Cuban immigrants share precious family heirlooms to show history of Cuban exiles by Janey Fugate Julia Adán Pelegrín, 71, opened a black suitcase full of faded elegant shirts. Those shirts, she explained, belonged to her father, Emilio Adán Silva, when he was a Supreme Court justice in Cuba, and they represented his life before he and 12 other justices signed a letter denouncing Fidel Castro’s government. Eight years later, his family moved to Miami. Those shirts, Pelegrín says, represent the sacrifice her father made for his family and express the pride she feels. “These are not only memories but items of everyday use when Cuba existed as a nation,” Adán said. “[These shirts] were on the streets of Havana. They lived there.” Such feelings of pride and nostalgia prevailed Saturday in the lobby of the Freedom Tower, when dozens of Cubans gathered to donate or lend objects of historic interest that document their exile experience. More than 300 items — passports, documents, photos, clothes — will be part of an exhibit that will open at the tower in September. The inauguration of the exhibit is a key step in the preservation of Cuban history, said Alina Interián, host of the event and executive director of Miami Dade College cultural affairs. “We want to pay tribute to the people to whom this tower means so much,” said Interián, who also was processed at the Freedom Tower when she arrived from Cuba. Between 1962 and 1974, Cuban refugees were processed at the tower, known as “The Refuge.” It was added to the United States National Register of Historic Places in 1979 and designated a National Historic Landmark in 2008. The exhibit, titled “The Exile Experience: Journey to Freedom,” is a collaboration between Miami Dade College and the Miami Herald Media Company. Its objective is to document, preserve and share the history of the difficulties the exiled Cuban community went through since Fidel Castro’s rise to power. The facility has deserved a project like this for some time, said Luisa Meruelo, 93, who worked for the tower’s immigration service for nine years. “I was always wondering why no one had done something about the refugees here,” Meruelo said. “This is a long story, a beautiful story.” The exhibit is a way to thank the nation that gave them refuge during that turbulent time, she said. “We have to thank the people of the United States for being so generous to us at a very difficult time,” she said. Now, the museum can show items like the first coins earned in this country, the tie that an immigrant was wearing when he arrived, a wedding gown and the tiny dress of a 3-year-old. To the people who wore them, these items are intimately associated with the difficult experience of having to abandon their native country. One of those people was Mercy Advocat, who arrived in 1962 with her brother in the Pedro Pan Operation. That exodus took place between 1960 and 1962 and brought more than 14,000 unaccompanied Cuban children to the United States. “The last thing our parents told us before leaving was that my brother and I should never be separated,” Advocat said. “We then boarded the plane and, when we landed, the first thing they did was separate us — the girls from the boys.” Advocat and her brother eventually were sent to the same foster home in Albuquerque, N.M., and they ended doing what their parents had told them. After two years, they were reunited with their mother in New York. The black-and-white photos Advocat brought to the tower show her mother’s tears when she reunited with her children. She is lending those photos and a doll brought from Cuba — some of her most precious keepsakes — to the museum. She is not ready to part with them yet. “I’m not so old to have to donate them,” she said. © 2014 Miami Herald Media Company. All Rights Reserved. Read more here:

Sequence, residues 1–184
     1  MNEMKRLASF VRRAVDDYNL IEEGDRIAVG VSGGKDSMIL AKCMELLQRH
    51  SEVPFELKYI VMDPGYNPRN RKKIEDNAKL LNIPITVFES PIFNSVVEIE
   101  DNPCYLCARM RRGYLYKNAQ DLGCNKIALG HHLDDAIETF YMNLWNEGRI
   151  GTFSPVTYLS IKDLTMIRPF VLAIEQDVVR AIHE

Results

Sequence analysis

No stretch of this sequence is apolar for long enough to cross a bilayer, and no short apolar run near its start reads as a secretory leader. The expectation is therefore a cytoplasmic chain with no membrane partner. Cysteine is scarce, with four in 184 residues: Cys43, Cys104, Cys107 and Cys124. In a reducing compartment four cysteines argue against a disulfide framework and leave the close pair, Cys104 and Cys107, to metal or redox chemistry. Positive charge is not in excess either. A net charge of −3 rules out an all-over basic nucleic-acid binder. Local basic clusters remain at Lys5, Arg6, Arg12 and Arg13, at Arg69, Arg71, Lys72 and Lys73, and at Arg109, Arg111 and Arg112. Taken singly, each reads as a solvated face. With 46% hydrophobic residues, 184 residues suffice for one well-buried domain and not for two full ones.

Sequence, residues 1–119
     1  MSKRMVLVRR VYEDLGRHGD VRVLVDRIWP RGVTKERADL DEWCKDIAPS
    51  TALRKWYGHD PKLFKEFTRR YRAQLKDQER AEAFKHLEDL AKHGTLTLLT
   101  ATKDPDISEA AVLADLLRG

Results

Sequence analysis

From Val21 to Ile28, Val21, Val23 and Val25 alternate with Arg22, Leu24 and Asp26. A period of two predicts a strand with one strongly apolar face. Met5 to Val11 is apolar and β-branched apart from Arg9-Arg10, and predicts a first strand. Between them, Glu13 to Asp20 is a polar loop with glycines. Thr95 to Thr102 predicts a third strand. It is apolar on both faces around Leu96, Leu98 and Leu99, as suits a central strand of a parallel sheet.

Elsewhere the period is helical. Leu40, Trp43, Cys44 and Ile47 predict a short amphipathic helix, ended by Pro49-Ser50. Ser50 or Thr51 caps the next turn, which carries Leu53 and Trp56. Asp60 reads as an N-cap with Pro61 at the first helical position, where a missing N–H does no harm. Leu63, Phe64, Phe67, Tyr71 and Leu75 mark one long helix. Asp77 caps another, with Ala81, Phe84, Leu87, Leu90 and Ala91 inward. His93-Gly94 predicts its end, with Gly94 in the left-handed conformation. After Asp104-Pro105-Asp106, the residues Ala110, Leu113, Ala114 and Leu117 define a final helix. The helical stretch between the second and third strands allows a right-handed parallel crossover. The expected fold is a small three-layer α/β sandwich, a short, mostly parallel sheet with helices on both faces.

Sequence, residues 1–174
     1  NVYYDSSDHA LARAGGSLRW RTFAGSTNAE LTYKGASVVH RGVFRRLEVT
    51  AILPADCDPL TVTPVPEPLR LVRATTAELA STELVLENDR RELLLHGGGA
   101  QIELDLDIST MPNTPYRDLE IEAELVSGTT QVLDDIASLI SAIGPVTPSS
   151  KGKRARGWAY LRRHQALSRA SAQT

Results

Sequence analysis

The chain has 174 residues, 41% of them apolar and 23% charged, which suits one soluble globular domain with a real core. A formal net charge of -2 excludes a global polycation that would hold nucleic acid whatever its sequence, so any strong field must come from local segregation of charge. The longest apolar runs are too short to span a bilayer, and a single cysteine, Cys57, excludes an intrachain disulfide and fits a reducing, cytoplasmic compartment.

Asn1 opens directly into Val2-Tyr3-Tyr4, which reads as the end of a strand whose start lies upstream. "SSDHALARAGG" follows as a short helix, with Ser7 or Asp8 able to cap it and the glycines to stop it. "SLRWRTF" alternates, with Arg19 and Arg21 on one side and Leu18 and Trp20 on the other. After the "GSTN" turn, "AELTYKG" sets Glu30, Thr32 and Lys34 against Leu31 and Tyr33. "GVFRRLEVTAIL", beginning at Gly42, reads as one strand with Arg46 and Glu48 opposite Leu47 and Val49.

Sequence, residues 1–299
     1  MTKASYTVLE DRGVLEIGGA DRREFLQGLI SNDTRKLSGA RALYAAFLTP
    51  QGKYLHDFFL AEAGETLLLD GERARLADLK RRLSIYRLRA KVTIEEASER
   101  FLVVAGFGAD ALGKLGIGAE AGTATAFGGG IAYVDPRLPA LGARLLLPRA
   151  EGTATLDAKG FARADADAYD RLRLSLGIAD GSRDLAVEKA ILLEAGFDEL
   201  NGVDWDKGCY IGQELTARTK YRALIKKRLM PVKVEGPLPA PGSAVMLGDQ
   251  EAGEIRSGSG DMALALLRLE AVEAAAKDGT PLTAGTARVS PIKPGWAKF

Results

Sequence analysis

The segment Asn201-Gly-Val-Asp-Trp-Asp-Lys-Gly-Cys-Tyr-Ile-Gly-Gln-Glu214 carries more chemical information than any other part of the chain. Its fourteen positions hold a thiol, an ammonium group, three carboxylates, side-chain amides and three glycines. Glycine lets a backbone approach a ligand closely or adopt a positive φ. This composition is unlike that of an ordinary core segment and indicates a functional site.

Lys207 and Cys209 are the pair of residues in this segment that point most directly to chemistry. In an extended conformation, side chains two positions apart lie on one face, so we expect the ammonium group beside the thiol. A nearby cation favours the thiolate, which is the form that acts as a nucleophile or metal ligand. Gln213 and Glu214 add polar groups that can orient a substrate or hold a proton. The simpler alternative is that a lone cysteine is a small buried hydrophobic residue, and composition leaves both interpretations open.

Eloísa Echazábal Pi